JEFFERSON COUNTY, Ky. — When someone calls 911 in Jeffersontown, police, firefighters and EMS are dispatched to respond to the emergency call. Soon, there will also be social workers on the police department.

They won't be dispatched during the initial emergency call, though; they'll be following up with the people who had a mental health emergency, like a drug overdose or addiction problem.

What You Need To Know

  • Jeffersontown Police Department is adding social workers to its staff to help citizens experiencing mental health crises

  • The social workers won't respond with police, but will follow up with the 911 caller separately after the initial emergency

  • People who've been in mental health crises are weighing-in, with some skeptical that social workers won't respond alongside officers

Those who've suffered similar types of emergencies are weighing-in with their thoughts on the plan. While one houseless Louisvillian is supportive, calling it a good start, another person in long-term addiction recovery raised concern that police officers will still be the first on the scene to handle the mental health crisis.

Major Brittney Garrett is the officer who got the $249,000 grant for the program to bring two social workers to the department. She's hiring immediately, hoping to get the people who specialize in mental health on the team as soon as possible. Garrett said the need is obvious, as police are called to emergencies involving drug overdoses more and more.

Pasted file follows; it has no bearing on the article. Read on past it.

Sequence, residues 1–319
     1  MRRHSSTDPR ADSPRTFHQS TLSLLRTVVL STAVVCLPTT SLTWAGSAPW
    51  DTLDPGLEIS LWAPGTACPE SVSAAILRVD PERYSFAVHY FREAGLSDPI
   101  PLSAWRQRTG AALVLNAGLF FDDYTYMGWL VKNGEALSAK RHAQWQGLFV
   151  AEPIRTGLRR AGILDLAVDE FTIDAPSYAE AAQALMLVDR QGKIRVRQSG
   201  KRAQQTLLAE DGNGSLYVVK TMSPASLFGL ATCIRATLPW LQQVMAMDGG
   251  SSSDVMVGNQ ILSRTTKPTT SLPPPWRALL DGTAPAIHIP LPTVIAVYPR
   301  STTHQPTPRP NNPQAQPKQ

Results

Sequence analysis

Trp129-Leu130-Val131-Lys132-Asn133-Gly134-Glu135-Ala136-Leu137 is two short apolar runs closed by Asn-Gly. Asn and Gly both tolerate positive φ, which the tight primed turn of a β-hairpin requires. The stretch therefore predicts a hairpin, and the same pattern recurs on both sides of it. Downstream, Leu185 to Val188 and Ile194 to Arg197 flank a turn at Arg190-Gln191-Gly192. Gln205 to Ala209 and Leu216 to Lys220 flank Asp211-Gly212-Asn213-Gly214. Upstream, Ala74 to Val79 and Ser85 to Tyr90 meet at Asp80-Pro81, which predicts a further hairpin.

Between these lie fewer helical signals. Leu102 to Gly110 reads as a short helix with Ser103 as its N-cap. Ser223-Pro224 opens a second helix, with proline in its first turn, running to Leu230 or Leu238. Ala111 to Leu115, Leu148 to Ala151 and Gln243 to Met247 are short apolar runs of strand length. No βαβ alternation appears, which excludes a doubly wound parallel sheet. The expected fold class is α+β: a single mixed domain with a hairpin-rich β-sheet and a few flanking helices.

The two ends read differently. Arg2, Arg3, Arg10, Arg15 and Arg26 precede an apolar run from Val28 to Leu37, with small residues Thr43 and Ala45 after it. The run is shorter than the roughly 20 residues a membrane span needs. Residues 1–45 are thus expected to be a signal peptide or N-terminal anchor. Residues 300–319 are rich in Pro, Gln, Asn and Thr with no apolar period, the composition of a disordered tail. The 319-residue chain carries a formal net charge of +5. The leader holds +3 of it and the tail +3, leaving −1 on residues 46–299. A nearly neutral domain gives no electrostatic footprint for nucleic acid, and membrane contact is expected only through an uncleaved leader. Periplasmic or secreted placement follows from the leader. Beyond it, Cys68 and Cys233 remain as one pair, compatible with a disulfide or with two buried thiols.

"Our numbers for crisis intervention runs have been consistent over the last few years. Our overdose runs have doubled. Our runs involving addiction and the combination of mental illness and addiction or some other social service need, I mean they intersect with nearly every run we make," Garrett emphasized the desperate need for staff members who can act as counselors. 

The program will still put police on the scene first so the social workers follow-up with the citizens who were in mental health crises afterwards, to then connect them with help and services. That's what concerns the Louisville Recovery Community Connection's (LRCC) Jeremy Byard.

Byard, LRCC co-founder, is in long-term addiction recovery himself. He's successfully overcome his struggle that even meant incarceration for a time. He's been on the opposite end of police during a mental health emergency.

"We know that when police show up with their uniforms and their guns and sometimes that's intimidating. And it can oftentimes escalate a situation," Byard recounts. 

He imagines, in his "ideal" situation, social workers responding together with police or even in response to an emergency line separate from 911. 

"I've had encounters with the police that have escalated that probably didn't need to escalate, you know, not feeling heard or my side of the story being told," Byard said. 

That's what he's hoping for, as Louisville Metro crafts its own response program to get mental health professionals involved in certain emergency calls.

Meanwhile, LRCC frequent Chris Bright also has thoughts on the Jeffersontown plan. Bright is a houseless Louisvillian who said he's had no negative encounters with police, but has seen the tension between the community and officers firsthand. 

Bright assures, "people are on edge." So he feels the plan to use social workers is a good start. "You can't fight fire with fire."

"We could have cops, and we could have counselors," he said. "We could have these social workers. That's two dynamics. Just having one, one-size-fits-all never really works for real. So, why would it work on the bigger scale when it comes to life or death?"

His dream is for the initiative to bring more understanding to the police department.